Transformation of fritzes (The TASS Window №640)Kukriniksy, 1942 The poster verse says:These are not the animals with wild howlCrossing stormy river flow.This is Hitler kickingTroops eastward. Here where all the windows are loop-holes,And the bushes hide death,Here after tasting the foreign ground,The fooled fritzesTransform into grave crosses. And this death of German bastardsHave no magic whatsoever. This is military triumph ofThe Red Army This poster is a great example of Okna “TASS” art. These series of posters drawn always on acute topics, were created during the WW2 by Kukriniksy – a group of three brilliant cartoonists. The poster shows German lines marching under direct command of Hitler and transforming into swastikas and then into white birch grave crosses. This poster is a very significant artwork of the War as this is the first time German soldiers (pejoratively nicknamed “Fritzes”) are portrayed as being fooled by its ru...
More About: Transformation
A bigger pack
2007-11-21 20:34:00
Smoke cigarettes “The Pack”M. Bulanov, 1927 A tobacco advertizing poster from the NEP era. The slogan says: Smoke cigarettes “The Pack”[Available] Nowhere but in Mosselprom The poster advertizes cigarettes named as simple as “The Pack”. The poster shows “The Pack” stationed on a gun carriage, forming a cannon with multiple barrels – the cigarettes themselves. This goes back to the popular vanity show of the times – a human cannon ball. The cannon has just fired a shot, and there is a smiling man riding a flying “papirosa” (a cigarette without a filter). He is dressed in a typical store clerk clothes – “kosovorotka” or Russian shirt, “kartuz” or peaked cap and jack boots. The store clerks responsible for the wholesale purchase were the target audience, as there was a Mosselprom building pictured in the background there. The poster was bright and energetic enough to attract attention to the cigarettes with such an ordinary name – “The Pack...
A bigger pack
2007-11-21 20:34:00
Smoke cigarettes “The Pack ”M. Bulanov, 1927 A tobacco advertizing poster from the NEP era. The slogan says: Smoke cigarettes “The Pack”[Available] Nowhere but in Mosselprom The poster advertizes cigarettes named as simple as “The Pack”. The poster shows “The Pack” stationed on a gun carriage, forming a cannon with multiple barrels – the cigarettes themselves. This goes back to the popular vanity show of the times – a human cannon ball. The cannon has just fired a shot, and there is a smiling man riding a flying “papirosa” (a cigarette without a filter). He is dressed in a typical store clerk clothes – “kosovorotka” or Russian shirt, “kartuz” or peaked cap and jack boots. The store clerks responsible for the wholesale purchase were the target audience, as there was a Mosselprom building pictured in the background there. The poster was bright and energetic enough to attract attention to the cigarettes with such an ordinary name – “The Pack...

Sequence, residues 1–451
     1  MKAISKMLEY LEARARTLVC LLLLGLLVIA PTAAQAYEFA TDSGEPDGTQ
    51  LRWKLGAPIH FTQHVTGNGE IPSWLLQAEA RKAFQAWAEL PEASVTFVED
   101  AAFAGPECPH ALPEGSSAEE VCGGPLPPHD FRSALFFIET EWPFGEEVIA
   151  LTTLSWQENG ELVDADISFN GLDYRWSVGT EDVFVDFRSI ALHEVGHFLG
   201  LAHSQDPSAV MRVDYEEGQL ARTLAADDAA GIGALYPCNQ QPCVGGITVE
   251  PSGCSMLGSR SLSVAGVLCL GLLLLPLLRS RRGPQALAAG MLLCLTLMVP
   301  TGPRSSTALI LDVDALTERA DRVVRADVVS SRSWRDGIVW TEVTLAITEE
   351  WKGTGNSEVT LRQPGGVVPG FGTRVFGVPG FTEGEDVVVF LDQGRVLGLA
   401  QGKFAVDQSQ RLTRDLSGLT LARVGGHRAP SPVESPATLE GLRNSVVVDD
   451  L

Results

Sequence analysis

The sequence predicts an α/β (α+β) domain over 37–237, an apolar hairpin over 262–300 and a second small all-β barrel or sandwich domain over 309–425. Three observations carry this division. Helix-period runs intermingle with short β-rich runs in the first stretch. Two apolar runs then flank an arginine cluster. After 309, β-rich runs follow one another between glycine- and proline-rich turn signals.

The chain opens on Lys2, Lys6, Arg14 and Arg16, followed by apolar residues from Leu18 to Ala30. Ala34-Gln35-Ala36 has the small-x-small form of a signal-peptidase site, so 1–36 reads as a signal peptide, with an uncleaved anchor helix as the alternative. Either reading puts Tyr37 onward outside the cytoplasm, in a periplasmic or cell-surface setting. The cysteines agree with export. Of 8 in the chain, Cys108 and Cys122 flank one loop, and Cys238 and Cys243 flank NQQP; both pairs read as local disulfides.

Man's power
2007-11-20 14:25:00
Man’s power – to help the woman!A . Rudkovich, 1970 Carrying on with the woman’s subject. Here is a nice social poster of the seventies devoted to elimination of spongers and parasites not only in the economy, but in private life of Soviet people as well. The forefront of the poster is occupied by a shadow image of a tiny woman bent under the housekeeping workload: the perambulator and a big bag with some food and goods in it. Actually, the times of deficit were never far away, and in the seventies Soviet people had to spend lots of time standing in queues after work. So working full time, nursing a baby and getting food for the family all in one day was a hard occupation indeed. On the contrast the background shows a healthy and strong hand of a man, who is holding nothing but a standard domino bone, which is apparently very light. In the Soviet times dominoes were extremely popular – it was a game of ordinary working folk. The chess were too complicated, cards were u...
More About: Power
Man's power
2007-11-20 14:25:00
Man’s power – to help the woman!A . Rudkovich, 1970 Carrying on with the woman’s subject. Here is a nice social poster of the seventies devoted to elimination of spongers and parasites not only in the economy, but in private life of Soviet people as well. The forefront of the poster is occupied by a shadow image of a tiny woman bent under the housekeeping workload: the perambulator and a big bag with some food and goods in it. Actually, the times of deficit were never far away, and in the seventies Soviet people had to spend lots of time standing in queues after work. So working full time, nursing a baby and getting food for the family all in one day was a hard occupation indeed. On the contrast the background shows a healthy and strong hand of a man, who is holding nothing but a standard domino bone, which is apparently very light. In the Soviet times dominoes were extremely popular – it was a game of ordinary working folk. The chess were too complicated, cards were u...
More About: Power
We bring fear to the bourgeoisie!
2007-11-19 21:19:00
Worker and peasant women – all should go to the polls!N. Valerianov, 1925 The poster says: Worker and peasant women – all should go to the polls!Gather under the Red Banner along with men,We bring fear to the bourgeoisie! Women in traditional peasant sarafans and workers blouses march in passionate pace crushing and throwing back the landlord or factory owner. This poster from the twenties shows the typical image of a fat capitalist in waistcoat, top hat and chain-watch. Later it will be reproduced many times in children books, on posters and in other various types of propaganda. The election system of the Soviet times looked democratic, but of course was far from it. People were electing Working People’s Deputies on all levels – including the Supreme Soviet of the USSR on the basis of universal, direct and equal suffrage by secret ballot. But the elections were formal and non-competitive, all the candidates were previously approved by their superiors in the Part...
More About: Fear , Bourgeoisie , Urge